Saul Greenberg - Enhancing Creativity with Toolkits
Interface toolkits in ordinary application areas let average programmers rapidly develop software resembling other standard applications. In contrast, toolkits for novel and perhaps unfamiliar application areas enhance the creativity of these programmers. By removing low-level implementation burdens and supplying appropriate building blocks, toolkits give people a ‘language’ to think about these new interfaces, which in turn allows them to concentrate on creative designs. This is important, for it means that programmers can rapidly generate and test new ideas, replicate and refine ideas, and create demonstrations for others to try.
François Guimbretière - People, Pens and Computers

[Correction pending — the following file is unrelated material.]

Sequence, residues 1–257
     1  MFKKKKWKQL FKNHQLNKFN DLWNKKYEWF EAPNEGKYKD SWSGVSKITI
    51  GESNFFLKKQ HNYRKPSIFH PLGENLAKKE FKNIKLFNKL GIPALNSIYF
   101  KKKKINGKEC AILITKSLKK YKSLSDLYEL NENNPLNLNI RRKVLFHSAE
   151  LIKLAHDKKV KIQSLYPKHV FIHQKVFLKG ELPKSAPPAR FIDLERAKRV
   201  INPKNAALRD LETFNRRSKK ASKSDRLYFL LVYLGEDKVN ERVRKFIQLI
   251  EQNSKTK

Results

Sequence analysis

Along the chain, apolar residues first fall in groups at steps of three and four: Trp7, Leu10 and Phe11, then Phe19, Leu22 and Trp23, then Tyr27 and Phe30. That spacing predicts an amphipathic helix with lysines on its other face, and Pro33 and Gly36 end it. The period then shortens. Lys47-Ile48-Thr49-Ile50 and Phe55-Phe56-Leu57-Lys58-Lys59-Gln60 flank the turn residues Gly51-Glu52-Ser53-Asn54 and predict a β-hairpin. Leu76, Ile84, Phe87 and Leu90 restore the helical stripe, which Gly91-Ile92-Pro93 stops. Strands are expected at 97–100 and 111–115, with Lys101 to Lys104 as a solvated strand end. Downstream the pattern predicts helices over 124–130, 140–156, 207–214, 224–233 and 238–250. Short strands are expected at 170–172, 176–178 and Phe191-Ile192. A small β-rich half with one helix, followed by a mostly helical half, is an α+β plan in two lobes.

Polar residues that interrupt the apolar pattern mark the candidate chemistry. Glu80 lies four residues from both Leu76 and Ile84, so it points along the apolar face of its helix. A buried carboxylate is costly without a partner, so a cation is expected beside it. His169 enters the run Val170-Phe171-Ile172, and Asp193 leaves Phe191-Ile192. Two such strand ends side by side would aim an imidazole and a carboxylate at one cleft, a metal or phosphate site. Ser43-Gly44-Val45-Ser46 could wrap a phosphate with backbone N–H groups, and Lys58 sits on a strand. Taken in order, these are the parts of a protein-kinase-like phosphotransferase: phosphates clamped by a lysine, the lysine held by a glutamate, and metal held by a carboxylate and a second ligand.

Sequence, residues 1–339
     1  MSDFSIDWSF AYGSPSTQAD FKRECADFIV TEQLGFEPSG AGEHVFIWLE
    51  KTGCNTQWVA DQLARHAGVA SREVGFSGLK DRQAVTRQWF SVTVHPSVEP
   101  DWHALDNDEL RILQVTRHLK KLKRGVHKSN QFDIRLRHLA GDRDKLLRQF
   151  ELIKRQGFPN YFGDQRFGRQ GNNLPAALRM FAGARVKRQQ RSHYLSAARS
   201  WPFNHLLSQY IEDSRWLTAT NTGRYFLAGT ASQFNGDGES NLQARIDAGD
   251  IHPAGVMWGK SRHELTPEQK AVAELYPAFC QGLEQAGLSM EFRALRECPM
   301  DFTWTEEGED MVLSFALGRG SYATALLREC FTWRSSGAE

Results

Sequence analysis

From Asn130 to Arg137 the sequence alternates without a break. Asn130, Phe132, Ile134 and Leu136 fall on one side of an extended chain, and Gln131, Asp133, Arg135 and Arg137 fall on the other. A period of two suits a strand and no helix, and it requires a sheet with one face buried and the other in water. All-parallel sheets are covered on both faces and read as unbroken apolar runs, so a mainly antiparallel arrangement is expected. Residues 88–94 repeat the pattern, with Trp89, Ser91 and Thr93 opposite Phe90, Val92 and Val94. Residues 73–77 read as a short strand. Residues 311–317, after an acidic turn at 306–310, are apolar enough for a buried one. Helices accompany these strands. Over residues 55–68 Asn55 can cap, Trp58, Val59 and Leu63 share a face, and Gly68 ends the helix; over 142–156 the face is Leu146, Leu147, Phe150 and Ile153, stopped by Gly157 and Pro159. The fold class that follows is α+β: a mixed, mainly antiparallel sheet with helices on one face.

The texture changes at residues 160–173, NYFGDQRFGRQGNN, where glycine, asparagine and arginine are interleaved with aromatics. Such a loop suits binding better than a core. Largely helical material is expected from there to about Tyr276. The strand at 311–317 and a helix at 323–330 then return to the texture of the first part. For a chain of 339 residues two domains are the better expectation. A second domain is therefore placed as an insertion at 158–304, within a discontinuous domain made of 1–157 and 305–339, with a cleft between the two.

Pen and paper are important aspects of our everyday life. These simple low-tech tools are easy to use, reliable, and extremely versatile. Yet, they also stand on the margins of the digital world as information gathered on paper is often difficult to manipulate in the digital realm. In this talk, I will present an overview of several projects aimed at bridging the gap between the paper and the digital world. In the digital world, we explored how new command structures can improve the fluidity of pen interactions on Tablet PC. One example was CrossY, a drawing application in which all command selections were performed by crossing targets on the screen instead of pointing and clicking on buttons.